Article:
By Sohaila Barghash
The US peace plan was proposed by President Donald Trump and crafted by his son-in-law, Jared Kushner, and Special Representative for International Negotiations Jason Greenblatt.
The Washington Post stated in a report published on the agreement, that the plan “stop[s] short of ensuring a separate, fully sovereign Palestinian state” in the occupied West Bank and besieged Gaza Strip.
Although the agreement was found to ensure practical improvements in the lives of Palestinians, there is no guarantee it will secure a Palestinian state, moreover, it will eradicate the possibility for good.
The report, published yesterday stated, “Arab officials familiar with Kushner’s sales pitches” who said he has “offered no specifics but suggested that the plan turned on economic opportunities for Palestinians and an enshrining of Israeli control of disputed territory”.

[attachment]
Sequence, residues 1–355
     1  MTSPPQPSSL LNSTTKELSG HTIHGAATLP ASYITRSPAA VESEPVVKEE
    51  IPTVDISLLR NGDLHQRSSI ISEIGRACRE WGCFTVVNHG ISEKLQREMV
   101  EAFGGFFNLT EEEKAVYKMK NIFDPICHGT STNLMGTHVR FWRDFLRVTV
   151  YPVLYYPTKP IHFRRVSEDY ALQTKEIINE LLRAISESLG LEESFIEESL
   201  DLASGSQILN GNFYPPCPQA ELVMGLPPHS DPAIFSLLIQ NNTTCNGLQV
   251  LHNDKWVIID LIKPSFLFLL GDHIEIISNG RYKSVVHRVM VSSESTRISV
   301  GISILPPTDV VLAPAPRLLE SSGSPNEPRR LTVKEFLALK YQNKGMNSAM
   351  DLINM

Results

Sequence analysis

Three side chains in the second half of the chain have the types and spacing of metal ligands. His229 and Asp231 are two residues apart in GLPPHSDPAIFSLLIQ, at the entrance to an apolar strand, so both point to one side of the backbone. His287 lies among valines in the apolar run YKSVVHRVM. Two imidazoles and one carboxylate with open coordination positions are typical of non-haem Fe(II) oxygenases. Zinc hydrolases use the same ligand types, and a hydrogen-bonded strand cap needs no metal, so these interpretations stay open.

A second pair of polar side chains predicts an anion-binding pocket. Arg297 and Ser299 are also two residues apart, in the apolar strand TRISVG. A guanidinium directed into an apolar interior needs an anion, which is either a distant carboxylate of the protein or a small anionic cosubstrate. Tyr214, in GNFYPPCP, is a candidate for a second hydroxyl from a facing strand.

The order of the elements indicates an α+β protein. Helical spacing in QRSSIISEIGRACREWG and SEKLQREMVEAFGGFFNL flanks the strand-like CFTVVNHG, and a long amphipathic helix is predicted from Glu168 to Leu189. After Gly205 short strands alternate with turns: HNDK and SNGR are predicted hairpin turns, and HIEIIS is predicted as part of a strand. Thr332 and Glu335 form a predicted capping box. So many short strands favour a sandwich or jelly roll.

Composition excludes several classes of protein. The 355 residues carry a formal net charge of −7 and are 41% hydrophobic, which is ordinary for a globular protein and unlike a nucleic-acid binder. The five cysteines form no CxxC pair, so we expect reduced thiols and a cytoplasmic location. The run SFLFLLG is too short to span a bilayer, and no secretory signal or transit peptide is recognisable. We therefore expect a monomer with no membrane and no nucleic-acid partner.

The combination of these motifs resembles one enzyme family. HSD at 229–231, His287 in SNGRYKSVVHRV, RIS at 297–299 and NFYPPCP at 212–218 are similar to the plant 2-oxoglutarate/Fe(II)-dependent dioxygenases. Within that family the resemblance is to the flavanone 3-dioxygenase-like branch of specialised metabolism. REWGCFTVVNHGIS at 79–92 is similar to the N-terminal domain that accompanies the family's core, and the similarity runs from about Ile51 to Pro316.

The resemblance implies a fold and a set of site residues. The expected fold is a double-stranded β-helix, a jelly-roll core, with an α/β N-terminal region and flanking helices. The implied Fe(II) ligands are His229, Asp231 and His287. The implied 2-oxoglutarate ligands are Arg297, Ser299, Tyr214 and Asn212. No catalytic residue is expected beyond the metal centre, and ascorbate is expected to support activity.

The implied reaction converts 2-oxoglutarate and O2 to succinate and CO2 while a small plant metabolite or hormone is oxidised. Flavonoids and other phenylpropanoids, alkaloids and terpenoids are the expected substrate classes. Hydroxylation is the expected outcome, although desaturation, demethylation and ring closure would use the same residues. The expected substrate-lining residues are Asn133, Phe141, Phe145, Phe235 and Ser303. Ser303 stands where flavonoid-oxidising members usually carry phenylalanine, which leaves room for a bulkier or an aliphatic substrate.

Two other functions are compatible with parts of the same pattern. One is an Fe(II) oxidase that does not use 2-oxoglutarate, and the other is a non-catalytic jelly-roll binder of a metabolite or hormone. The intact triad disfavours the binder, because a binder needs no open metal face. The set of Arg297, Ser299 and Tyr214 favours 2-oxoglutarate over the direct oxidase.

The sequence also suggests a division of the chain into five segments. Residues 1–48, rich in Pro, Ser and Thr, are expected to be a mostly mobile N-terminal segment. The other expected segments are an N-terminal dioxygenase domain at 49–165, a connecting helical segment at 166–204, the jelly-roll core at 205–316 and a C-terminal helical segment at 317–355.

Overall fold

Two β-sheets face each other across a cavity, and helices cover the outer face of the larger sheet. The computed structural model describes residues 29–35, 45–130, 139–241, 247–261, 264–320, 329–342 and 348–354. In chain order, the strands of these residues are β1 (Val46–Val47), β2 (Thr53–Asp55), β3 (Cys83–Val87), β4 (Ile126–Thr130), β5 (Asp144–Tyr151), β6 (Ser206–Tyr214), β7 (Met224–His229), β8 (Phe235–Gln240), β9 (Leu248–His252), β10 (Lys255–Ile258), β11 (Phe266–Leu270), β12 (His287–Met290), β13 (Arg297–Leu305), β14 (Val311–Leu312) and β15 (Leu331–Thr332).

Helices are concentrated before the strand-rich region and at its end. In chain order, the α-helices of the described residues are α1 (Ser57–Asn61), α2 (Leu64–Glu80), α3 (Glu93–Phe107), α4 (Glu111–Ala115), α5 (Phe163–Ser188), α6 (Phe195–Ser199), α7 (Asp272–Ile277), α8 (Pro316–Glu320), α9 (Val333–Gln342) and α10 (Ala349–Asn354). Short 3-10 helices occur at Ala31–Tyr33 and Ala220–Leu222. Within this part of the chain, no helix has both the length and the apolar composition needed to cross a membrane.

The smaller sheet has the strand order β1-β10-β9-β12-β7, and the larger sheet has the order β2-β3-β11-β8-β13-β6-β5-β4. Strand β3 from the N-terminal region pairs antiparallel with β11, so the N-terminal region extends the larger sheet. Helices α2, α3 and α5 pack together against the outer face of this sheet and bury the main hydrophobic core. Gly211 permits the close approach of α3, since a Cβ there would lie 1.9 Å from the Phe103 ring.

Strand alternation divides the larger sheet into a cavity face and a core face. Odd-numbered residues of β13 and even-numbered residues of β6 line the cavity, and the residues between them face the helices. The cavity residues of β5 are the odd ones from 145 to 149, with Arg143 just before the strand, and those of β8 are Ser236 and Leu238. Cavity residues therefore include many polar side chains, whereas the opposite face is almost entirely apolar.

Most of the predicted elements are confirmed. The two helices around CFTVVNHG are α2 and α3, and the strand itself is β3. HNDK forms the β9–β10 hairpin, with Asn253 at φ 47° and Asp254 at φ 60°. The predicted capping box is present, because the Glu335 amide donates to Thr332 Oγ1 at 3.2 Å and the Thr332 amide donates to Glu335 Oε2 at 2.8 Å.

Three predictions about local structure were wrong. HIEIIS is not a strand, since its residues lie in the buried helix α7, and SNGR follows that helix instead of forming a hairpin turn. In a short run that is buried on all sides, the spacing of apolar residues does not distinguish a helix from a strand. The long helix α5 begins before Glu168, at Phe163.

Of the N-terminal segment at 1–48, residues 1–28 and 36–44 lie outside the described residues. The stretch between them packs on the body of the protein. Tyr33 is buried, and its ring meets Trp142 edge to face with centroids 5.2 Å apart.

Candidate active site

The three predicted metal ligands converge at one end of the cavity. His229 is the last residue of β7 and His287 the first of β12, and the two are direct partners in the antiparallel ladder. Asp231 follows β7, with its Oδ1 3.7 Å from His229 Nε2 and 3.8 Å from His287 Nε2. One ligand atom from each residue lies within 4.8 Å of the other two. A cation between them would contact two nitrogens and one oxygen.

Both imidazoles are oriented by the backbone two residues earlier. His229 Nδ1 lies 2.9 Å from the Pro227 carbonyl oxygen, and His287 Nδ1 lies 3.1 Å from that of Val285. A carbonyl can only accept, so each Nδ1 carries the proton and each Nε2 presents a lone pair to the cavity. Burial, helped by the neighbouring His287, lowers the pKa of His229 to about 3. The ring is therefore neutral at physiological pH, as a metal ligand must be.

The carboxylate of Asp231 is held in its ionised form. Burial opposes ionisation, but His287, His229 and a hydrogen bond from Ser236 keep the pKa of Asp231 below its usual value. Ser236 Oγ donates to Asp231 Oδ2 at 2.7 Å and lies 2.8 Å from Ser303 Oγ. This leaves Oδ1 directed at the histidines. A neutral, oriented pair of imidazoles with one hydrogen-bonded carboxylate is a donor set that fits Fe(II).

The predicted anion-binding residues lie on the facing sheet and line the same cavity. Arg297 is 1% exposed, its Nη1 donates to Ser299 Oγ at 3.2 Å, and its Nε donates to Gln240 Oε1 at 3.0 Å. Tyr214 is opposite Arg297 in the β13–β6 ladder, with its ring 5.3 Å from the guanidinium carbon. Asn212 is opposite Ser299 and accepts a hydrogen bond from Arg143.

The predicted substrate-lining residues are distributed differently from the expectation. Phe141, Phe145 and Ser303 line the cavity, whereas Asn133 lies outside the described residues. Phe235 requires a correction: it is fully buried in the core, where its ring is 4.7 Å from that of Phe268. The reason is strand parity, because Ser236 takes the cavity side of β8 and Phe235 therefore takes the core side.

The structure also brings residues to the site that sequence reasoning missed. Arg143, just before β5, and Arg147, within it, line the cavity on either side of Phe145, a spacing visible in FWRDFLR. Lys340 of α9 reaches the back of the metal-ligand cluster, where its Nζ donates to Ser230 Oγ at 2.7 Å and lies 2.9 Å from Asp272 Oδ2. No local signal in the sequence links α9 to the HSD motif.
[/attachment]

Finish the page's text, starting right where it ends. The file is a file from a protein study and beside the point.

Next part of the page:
The White House is set to release its long-awaited peace deal later this year, however, comments from Kushner and other US officials suggest that it “does away with statehood as the starting premise of peace efforts”.
In this regard, analysts claim the plan is predicted to focus heavily on Israeli security concerns.
For instance, the report cites, “Kushner and other US officials have linked peace and economic development to Arab recognition of Israel and acceptance of a version of the status quo on Palestinian ‘autonomy,’ as opposed to ‘sovereignty’.”
In recent weeks, high profile US officials have avoided answering questions about Palestinian statehood and the two-state solution, which has provided the basis for many peace negotiations in the past decades.
Last week, during a senate hearing, US Secretary of State Mike Pompeo declined to support the two-state solution saying, “we are now working with many parties to share what our vision is as to how to solve this problem”.
Generally, most analysts agree that Kushner is likely to fail as decades of US-backed efforts to revive a peace deal have continued to fail ever since the failure of the 1993 Oslo Accords.
The deal has often been suspected of being biased towards Israel’s interests, assuming that Palestinian as well as Arab leaders will reject the deal.
During his first meeting of the new Palestinian government, Palestinian Authority (PA) President Mahmoud Abbas said on Sunday that “the first challenge ahead of the new government is the ‘deal of the century’,” referring to talk attempts with the Trump administration as “useless”.